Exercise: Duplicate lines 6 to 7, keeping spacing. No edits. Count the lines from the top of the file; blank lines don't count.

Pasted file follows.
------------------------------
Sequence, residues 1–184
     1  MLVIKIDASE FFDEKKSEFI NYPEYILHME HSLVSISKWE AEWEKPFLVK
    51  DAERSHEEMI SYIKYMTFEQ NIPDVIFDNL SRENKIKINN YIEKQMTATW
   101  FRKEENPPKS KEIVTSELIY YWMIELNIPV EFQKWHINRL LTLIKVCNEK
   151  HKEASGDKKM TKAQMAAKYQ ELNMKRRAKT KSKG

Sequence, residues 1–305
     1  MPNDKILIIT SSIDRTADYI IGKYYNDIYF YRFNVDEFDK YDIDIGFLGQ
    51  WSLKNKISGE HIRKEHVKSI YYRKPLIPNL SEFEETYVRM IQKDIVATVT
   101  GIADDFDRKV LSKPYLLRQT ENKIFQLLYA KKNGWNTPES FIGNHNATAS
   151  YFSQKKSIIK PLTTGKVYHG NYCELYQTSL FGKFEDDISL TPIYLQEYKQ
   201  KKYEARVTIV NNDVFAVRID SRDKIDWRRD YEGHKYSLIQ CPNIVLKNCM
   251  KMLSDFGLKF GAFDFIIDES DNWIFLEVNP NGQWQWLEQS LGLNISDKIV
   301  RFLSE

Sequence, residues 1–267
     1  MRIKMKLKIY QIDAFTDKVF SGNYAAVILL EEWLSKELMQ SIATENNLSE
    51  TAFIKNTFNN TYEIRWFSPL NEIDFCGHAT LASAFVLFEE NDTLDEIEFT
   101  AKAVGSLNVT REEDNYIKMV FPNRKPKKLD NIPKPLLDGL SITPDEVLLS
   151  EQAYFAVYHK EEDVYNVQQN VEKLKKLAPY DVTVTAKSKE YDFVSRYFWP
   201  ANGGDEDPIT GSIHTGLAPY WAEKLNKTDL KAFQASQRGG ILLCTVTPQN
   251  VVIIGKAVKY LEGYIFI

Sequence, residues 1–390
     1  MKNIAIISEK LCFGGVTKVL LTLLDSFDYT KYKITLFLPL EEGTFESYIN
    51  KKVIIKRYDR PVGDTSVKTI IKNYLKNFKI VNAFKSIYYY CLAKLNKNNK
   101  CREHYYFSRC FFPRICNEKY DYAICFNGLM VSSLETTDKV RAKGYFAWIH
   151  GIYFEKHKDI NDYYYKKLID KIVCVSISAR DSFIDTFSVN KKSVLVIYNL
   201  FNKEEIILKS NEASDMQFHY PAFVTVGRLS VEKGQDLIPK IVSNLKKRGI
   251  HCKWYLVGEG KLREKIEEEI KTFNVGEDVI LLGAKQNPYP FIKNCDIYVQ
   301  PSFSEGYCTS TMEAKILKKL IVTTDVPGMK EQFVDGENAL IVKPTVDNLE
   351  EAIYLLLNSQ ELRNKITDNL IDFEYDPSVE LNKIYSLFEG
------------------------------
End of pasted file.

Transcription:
Sequence, residues 1–305
     1  MPNDKILIIT SSIDRTADYI IGKYYNDIYF YRFNVDEFDK YDIDIGFLGQ